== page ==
MESSAGE IN THE MOVIES
Emma - In Theaters
Directed by Autumn de Wilde
Starring Anya Taylor-Joy, Johnny Flynn
I’ve read that Jane Austen didn’t particularly like Emma Woodhouse (Taylor-Joy), the main character in her novel Emma, and that is perhaps the main reason this story has been adapted so many times for film and television. There’s something about seeing a selfish person of wealth and advantage taken down a few notches that’s appealing – even if that downward spiral is relatively tame.
Besides, Emma is a perfect YA heroine – self-absorbed with most of the people in her orbit submitting to her beck and call, including her hypochondriac father (Bill Nighy), sarcastic longtime friend George Knightley (Flynn), and a retinue of household servants.
The main story revolves around Emma’s decision to advise and “take on” Harriet Smith (Mia Goth) as her special project. Harriet is an orphan of unknown parentage (and an occasional topic of local gossip) and in love with Mr. Martin (Connor Swindells), a local farmer. Emma is convinced that Harriet could surely advance her station above such a commoner. She moves Harriet away from Mr. Martin and towards Mr. Elton (Josh O’Connor), an eligible vicar (with negligible skills in the pulpit). At the same time, Emma is attracted to Frank Churchill (Callum Turner), a man whose primary attraction is defined by his great wealth. As all of Emma’s maneuvers take place, George observes and coolly comments about her obvious misconceptions.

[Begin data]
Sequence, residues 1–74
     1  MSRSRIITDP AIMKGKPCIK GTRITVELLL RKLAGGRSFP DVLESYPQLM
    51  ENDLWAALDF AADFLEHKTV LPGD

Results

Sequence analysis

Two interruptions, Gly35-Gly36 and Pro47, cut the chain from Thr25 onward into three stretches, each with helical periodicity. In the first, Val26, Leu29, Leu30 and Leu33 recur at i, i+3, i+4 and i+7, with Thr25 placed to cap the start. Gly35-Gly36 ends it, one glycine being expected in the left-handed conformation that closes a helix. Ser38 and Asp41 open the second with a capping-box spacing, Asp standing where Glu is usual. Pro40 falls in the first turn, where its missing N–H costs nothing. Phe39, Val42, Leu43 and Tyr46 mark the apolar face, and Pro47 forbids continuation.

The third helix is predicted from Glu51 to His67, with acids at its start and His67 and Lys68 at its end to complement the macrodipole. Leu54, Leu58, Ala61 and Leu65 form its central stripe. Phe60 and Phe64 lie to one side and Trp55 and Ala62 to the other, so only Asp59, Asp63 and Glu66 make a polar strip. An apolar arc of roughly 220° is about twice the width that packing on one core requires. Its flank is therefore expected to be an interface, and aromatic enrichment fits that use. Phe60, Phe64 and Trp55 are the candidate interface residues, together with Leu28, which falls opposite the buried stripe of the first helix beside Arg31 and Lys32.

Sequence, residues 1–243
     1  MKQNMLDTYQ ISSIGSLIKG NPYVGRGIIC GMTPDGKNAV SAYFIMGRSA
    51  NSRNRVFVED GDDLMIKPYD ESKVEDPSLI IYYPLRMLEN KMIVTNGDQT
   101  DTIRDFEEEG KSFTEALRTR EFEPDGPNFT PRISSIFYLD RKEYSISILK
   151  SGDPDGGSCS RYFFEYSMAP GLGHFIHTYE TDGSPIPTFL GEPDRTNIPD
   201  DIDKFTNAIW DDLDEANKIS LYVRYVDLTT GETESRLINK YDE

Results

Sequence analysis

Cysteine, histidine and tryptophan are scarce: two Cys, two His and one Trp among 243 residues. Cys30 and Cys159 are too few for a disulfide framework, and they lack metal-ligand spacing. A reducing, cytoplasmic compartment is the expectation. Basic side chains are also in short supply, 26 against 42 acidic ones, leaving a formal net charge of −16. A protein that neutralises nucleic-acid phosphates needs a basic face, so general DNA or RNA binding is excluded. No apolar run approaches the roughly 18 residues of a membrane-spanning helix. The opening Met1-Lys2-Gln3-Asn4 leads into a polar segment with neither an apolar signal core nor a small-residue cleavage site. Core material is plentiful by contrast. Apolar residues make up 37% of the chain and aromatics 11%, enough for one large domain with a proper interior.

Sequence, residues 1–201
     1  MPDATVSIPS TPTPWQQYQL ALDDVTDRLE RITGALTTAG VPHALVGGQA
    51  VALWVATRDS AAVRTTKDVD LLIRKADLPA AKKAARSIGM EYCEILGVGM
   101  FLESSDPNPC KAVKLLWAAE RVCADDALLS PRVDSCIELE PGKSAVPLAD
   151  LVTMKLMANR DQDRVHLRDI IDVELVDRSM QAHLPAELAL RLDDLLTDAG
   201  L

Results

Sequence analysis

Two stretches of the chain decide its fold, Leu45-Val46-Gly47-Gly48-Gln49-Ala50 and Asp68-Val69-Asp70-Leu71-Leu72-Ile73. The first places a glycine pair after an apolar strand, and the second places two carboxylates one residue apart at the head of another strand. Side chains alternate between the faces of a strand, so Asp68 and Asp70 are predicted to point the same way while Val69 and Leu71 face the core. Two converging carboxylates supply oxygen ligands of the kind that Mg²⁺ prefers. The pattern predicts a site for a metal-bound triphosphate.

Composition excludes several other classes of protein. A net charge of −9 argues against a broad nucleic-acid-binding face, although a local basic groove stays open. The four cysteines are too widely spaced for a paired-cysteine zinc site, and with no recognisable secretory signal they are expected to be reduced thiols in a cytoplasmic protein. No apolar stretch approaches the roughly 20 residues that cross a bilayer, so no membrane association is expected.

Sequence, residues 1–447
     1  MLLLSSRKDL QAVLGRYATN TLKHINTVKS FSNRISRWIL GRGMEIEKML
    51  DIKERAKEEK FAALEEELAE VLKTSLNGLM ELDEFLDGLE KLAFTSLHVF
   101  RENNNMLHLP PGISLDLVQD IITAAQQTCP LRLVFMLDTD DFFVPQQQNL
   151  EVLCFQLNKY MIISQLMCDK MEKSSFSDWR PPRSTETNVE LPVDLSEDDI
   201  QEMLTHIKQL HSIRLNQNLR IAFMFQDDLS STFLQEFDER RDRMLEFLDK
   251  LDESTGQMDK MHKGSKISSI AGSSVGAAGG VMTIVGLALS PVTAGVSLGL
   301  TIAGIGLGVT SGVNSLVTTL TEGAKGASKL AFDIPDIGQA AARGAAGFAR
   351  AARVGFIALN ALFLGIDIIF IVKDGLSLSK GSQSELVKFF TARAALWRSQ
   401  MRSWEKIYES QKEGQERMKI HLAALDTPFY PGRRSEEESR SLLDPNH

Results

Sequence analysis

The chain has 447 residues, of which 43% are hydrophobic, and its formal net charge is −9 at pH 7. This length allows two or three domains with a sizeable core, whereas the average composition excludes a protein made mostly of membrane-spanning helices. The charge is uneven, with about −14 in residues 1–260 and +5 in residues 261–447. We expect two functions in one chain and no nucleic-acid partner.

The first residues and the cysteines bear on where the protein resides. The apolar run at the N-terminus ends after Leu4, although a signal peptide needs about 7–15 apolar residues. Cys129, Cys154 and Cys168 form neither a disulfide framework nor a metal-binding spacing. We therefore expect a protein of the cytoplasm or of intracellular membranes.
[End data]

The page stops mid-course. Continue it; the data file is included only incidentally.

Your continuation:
With so many good adaptations out there, I wasn’t exactly thrilled about a new version. Emma managed to rise above my expectations, primarily due to a great cast and some good comic timing. Harriet’s relationship with Emma grows from tentative work-in-progress to BFF status and becomes the film’s primary focus.
I wasn’t always in synch with some of the stylistic choices made by Autumn de Wilde (a renowned director of music videos). Not only were the musical soundtrack choices off-putting (mixing sprightly modern melodies with classical music as well as hymns that were composed years after Austen’s death), but the pastel color scheme – as beautiful as it is – was always taking me out of the story and into its own candy-colored world.
Still, the message of Emma is as timely (and family friendly) as ever. Young adults will fall in love, feel superior to those around them, make mistakes and eventually reach a place of repentance, assisted by those who truly care for them. Let’s do our best to remember our youth and be the persons who model grace for those in need.
Halo and Pitchfork Rating:
Four halos: A classic story, told with wit and compassion.
Two pitchforks: A couple scenes of side-bum nudity; arrogance and privilege used selfishly – hey, that’s the main story.
Emma (2020) – VOD Streaming Services - $19.99 Rental
Emma (1995). Starring Gwyneth Paltrow, Jeremy Northam – Hoopla (free with library account); HBO GO / HBO Now; VOD $3.99 Rental
Emma (2009 Mini-series). Starring Romola Garai, Jonny Lee Miller – Hulu, Britbox; VOD Purchase $6.99
Emma (1996 TV Movie) Starring Kate Beckinsale, Mark Strong – Apple TV VOD - $.99 Rental
Clueless (1995 Modern adaption of “Emma”) Starring Alicia Silverstone, Paul Rudd – VOD Streaming Services $2.99 Rental.
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Rev. Bruce Batchelor-Glader
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